Contraception (including combination OCPs (COCPs)) DOES NOT need to be stopped when a patient develops a VTE and is started on therapeutic anticoagulation. The alternative of OCPs isn’t nothing–it’s pregnancy, which has a much higher risk of VTE than the therapy itself.
Dr Samuelson-Bannow’s opinion is that best evidence shows that OCPs can be continued (Martinelli 2016, Eischer 2014). However, you can also consider changing the form of contraception, such as switching to a LARC (levonorgestrel IUD or implant). Do not switch to Depot-Medroxyprogestrone because this has a higher risk of VTE (van Hylckama Vlieg 2010, Tepper 2016). Progestin only OCPs are also safe but require very strict daily dosing times (Le Moigne 2016, Tepper 2016). **Update – It came to our attention after our recording that a new progesterone only OCP (Drospirenone 4mg) was FDA approved in May 2020 and can be taken just like regular combined OCPs. (Letter JAMA 2020)
Family history of VTE in first degree relatives may increase an individual’s risk for VTE. Offer a LARC (Gray 2018, Tepper 2017), or a progestogen only pill (POP) if they do not want a LARC. Avoid COCPs, patches, rings, and depot contraceptives as these increase clot risk (de Bastos 2014, Tepper 2017).
For those with no personal or family history risk of VTE, choose any type of contraception that works for the patient–ex. a combined oral contraceptive pill formulation with a low dose estrogen 20 mcg or 30 mcg, with second generation progestogen (levonorgestrel) or a third gen progestogen with desogestrel or gestodene. Any progestogen only method can also be chosen. There is likely not a clinically meaningful higher risk of VTE for patches/rings over pills for a patient at low baseline risk of VTE.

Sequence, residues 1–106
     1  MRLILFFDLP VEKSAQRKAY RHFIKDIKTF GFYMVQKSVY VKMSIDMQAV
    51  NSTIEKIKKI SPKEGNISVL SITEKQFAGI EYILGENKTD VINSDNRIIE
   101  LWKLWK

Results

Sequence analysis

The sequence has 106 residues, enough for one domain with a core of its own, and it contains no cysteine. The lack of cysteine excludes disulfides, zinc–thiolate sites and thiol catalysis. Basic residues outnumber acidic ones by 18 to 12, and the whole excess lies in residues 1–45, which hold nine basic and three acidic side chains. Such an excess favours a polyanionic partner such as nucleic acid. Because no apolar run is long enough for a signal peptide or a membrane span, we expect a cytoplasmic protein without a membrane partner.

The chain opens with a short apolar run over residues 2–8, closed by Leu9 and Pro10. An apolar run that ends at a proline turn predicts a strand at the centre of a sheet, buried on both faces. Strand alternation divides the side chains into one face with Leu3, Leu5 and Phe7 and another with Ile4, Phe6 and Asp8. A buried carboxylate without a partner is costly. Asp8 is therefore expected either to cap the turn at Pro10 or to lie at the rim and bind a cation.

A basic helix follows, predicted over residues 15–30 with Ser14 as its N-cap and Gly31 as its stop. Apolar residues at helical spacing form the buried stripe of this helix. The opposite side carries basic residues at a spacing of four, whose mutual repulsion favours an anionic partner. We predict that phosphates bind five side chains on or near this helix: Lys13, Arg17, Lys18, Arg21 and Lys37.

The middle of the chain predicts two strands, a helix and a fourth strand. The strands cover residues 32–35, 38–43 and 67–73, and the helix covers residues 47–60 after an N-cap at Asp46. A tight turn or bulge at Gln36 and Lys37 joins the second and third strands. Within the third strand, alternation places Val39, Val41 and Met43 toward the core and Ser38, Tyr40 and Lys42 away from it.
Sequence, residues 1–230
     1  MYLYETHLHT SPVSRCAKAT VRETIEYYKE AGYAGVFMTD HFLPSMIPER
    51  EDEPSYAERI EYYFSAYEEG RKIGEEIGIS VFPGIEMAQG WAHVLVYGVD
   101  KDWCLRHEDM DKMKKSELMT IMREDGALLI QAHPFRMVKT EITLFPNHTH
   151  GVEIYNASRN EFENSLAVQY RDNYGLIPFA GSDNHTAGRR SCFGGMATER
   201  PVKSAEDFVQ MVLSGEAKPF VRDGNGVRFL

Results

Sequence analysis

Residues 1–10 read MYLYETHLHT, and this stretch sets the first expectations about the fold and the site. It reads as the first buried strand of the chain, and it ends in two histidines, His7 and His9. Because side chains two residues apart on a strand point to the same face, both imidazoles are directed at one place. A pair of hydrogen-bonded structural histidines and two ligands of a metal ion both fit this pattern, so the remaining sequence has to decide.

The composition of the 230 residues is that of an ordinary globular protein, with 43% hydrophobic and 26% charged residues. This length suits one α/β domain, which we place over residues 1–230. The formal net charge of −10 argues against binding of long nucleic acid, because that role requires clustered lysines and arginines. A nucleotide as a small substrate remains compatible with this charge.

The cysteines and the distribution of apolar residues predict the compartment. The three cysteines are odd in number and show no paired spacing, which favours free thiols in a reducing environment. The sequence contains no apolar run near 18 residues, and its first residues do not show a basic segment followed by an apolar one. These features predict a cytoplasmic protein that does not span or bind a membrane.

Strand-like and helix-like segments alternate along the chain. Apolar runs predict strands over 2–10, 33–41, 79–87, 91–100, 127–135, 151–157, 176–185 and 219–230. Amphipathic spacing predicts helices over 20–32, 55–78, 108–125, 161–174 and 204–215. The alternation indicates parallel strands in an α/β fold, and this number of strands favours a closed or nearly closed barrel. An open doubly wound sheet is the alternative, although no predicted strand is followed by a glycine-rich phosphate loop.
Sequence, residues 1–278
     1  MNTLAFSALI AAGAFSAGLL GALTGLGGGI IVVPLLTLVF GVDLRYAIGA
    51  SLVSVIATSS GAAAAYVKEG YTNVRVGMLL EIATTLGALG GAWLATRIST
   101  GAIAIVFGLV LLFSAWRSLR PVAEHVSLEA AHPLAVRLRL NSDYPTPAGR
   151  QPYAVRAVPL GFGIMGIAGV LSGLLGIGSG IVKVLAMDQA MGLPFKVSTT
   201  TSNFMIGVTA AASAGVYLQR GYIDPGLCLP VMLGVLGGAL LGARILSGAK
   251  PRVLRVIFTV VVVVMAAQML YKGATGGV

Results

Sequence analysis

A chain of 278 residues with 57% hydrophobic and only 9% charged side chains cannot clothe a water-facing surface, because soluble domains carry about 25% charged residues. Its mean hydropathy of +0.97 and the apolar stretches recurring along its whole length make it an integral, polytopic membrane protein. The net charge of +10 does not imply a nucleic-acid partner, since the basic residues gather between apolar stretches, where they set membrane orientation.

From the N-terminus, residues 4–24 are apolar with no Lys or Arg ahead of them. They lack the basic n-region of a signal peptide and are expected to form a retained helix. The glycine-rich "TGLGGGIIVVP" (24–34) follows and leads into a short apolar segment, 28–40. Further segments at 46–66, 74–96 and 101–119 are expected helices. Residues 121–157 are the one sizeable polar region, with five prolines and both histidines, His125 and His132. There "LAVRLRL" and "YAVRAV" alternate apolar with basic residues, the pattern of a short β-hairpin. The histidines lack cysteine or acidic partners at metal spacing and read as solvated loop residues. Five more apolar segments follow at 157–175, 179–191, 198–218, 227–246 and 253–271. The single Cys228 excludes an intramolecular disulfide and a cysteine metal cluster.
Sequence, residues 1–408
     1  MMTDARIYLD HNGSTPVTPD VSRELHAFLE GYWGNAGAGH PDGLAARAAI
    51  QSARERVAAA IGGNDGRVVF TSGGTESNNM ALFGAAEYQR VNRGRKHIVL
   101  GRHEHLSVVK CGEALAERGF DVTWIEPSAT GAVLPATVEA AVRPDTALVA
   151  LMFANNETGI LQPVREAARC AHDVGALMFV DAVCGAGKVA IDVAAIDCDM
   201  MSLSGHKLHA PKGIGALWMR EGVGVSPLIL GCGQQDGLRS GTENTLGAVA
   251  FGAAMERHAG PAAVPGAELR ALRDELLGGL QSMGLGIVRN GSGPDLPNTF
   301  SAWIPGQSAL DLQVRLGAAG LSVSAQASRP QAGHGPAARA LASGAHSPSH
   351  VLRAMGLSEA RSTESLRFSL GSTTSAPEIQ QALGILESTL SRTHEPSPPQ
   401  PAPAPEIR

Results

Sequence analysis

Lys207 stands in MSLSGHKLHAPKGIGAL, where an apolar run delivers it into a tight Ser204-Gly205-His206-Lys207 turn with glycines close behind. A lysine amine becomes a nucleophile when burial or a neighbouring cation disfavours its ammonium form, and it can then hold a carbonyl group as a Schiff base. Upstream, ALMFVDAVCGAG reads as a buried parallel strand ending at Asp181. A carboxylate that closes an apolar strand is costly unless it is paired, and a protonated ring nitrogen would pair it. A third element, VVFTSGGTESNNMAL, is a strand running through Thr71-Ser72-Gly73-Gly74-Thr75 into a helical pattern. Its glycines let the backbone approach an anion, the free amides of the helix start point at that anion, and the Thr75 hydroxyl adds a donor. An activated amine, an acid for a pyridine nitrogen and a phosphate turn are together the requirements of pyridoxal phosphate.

Always counsel about symptoms of VTE and the importance of immediate medical help.
In concerned patients, do not start testing for hypercoagulable disorders, as these tests are low value, can give a false sense of security, and cause anxiety (expert opinion).
Hormone therapy replacement (HRT) taken in oral form increases the VTE risk (Rossouw 2002, Cushman 2004, Curb 2006, Rovinski 2018). Dr Samuelson Bannow’s opinion is to prescribe the lowest dose possible for the shortest time possible for menopausal symptoms and to apply a patient-centered approach to managing menopausal symptoms affecting quality of life.
Estrogen-only treatment (without progesterone) is clinically appropriate for only a small number of patients (e.g. patients without a uterus, due to the risk of endometrial hyperplasia leading to risk of malignancy) (ACOG 2013). HRT via transdermal or intravaginal estrogen/progesterone does not seem to increase risk of VTE (Rovinski 2018).
Foundation for Women & Girls with Blood Disorders: “The Foundation for Women & Girls with Blood Disorders works to ensure all women and girls with blood disorders are correctly diagnosed and optimally managed at every life stage.”
DOAC: Direct Oral Anticoagulant
LARC: Long Acting Reversible Contraception (includes IUDs and injections)
VTE: Venous Thromboembolism
COCP: Combined Oral Contraceptive Pill
POP: Progestogen Only Pill
HMB: Heavy Menstrual Bleeding
TXA: Tranexamic Acid
NSAIDs: Non-Steroidal Anti Inflammatory Drugs
PTT: Prothrombin Time
IMB: Intermenstrual Bleeding
PCB: Post Coital bleeding
PMB: Post Menopausal Bleeding
VWD: Von Willebrand’s Disease
Progesterone= naturally occurring hormone, Progestogen = synthetic hormone
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Listeners will explain the intersection between hematology and women’s health, gaining valuable information to improve patient outcomes and quality of life with both heavy bleeding and thrombotic disorders.
After listening to this episode listeners will…
Dr. Samuelson Bannow reports no relevant financial disclosures. The Curbsiders report no relevant financial disclosures.
O’Glasser AY, Samuelson Bannow B, Williams PN, Watto MF. “#280 Heavy Menstrual Bleeding, Anticoagulation & Coagulopathy in Menstruating Patients Title”. The Curbsiders Internal Medicine Podcast. http://thecurbsiders.com/episode-list Final publishing date June 21, 2021.